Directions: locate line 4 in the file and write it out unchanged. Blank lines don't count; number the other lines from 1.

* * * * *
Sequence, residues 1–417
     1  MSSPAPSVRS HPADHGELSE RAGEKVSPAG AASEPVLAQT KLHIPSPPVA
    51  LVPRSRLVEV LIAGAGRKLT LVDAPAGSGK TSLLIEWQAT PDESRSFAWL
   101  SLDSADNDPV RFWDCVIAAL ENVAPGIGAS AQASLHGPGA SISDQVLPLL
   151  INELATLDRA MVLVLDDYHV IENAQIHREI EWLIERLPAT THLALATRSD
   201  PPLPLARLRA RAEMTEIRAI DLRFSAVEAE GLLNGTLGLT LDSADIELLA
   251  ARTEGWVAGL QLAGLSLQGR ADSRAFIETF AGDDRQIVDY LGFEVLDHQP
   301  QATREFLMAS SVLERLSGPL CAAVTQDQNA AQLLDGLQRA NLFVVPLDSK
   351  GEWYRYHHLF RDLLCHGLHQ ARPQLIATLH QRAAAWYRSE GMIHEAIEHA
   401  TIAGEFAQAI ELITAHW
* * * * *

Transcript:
   101  SLDSADNDPV RFWDCVIAAL ENVAPGIGAS AQASLHGPGA SISDQVLPLL